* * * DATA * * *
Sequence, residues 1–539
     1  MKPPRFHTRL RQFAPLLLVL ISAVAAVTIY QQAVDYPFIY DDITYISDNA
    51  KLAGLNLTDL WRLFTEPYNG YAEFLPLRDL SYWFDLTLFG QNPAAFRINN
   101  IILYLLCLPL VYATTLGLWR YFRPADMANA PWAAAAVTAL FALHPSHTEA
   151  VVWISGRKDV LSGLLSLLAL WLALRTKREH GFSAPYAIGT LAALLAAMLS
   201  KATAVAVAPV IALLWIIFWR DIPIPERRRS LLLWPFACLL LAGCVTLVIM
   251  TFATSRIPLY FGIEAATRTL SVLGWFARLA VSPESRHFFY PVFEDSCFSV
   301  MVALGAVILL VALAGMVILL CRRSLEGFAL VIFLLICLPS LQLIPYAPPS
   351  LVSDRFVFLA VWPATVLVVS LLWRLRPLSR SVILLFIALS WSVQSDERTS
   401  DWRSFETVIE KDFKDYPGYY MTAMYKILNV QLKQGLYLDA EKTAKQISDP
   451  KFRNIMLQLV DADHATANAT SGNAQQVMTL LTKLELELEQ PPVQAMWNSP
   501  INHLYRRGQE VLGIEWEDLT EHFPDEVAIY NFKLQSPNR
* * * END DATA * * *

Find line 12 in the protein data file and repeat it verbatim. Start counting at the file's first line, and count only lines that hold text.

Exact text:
   501  INHLYRRGQE VLGIEWEDLT EHFPDEVAIY NFKLQSPNR